On Sunday, Niger’s new military rulers partially closed the country’s airspace and warned of a potential aerial attack, as a deadline imposed by West Africa’s regional bloc ECOWAS passed without the junta reinstating ousted President Mohamed Bazoum. The airspace closure comes amid deepening uncertainty and tensions following last week’s coup, led by army officers angered by the government’s failure to adequately support their fight against jihadist insurgents.
The coup leaders, calling themselves the Patriotic Movement for Safeguarding and Restoration, had until late Sunday to release President Bazoum, who was elected earlier this year. However, ECOWAS’s deadline came and went with no word from the junta on Bazoum’s status. The 15-nation bloc has strongly condemned the coup and could impose sanctions if the constitutional order is not swiftly restored.
ECOWAS leaders are set to meet again this week to discuss the evolving Niger crisis and how to return the country to civilian rule. The African Union and United Nations have also spoken out against the coup and called for calm. Meanwhile, the US signalled its backing for a diplomatic solution, with Secretary of State Antony Blinken issuing a statement supporting regional efforts “toward a peaceful resolution of the situation.”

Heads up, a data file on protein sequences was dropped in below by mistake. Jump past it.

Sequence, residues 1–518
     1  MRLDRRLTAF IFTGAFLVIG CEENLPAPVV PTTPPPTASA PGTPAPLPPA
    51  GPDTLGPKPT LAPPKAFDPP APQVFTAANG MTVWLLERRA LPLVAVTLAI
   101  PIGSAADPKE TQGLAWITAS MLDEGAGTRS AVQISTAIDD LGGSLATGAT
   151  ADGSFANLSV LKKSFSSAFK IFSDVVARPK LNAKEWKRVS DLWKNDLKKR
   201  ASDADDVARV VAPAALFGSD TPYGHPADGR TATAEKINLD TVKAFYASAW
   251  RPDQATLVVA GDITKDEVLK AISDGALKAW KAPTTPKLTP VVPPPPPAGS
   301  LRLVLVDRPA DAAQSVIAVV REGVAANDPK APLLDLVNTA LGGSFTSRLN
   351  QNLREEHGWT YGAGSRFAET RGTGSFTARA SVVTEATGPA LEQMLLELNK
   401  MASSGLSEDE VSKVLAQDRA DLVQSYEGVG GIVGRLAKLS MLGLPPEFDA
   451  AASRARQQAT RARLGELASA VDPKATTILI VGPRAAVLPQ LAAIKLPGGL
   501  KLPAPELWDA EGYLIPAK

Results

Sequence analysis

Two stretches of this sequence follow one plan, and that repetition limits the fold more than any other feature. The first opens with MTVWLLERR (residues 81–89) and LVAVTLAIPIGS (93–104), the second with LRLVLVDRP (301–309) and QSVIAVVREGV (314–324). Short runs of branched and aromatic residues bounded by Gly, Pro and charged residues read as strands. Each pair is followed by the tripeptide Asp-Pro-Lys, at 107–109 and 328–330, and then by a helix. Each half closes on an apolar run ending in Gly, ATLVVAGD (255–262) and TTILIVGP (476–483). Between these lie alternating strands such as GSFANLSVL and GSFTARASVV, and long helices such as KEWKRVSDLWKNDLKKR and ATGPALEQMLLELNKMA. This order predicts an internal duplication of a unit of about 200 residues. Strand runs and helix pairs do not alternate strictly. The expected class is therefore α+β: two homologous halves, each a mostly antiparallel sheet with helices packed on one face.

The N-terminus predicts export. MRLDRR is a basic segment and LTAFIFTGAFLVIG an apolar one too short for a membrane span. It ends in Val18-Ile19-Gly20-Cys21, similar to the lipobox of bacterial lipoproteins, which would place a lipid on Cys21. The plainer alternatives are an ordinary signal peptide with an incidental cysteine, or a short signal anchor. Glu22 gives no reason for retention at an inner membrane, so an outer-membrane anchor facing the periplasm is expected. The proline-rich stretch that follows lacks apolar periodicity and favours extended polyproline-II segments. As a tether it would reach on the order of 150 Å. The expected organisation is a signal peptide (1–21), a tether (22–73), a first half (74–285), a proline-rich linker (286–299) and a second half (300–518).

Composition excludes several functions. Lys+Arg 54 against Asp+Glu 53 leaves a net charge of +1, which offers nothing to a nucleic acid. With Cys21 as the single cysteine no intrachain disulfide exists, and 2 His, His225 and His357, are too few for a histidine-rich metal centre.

The crisis underscores the grave security challenges facing Niger and the wider Sahel. Jihadist groups linked to al-Qaeda and Islamic State have staged frequent deadly attacks in recent years. The junta claims they ousted Bazoum’s government because it was failing to provide adequate resources to the army to fight the insurgents. Restoring political stability will be key to ensuring Niger can effectively combat the extremist threat.
The coming days will be pivotal in determining whether the coup leaders are willing to negotiate a return to constitutional order or if Niger will descend into further volatility. The world is watching closely as this fragile democracy faces its greatest test.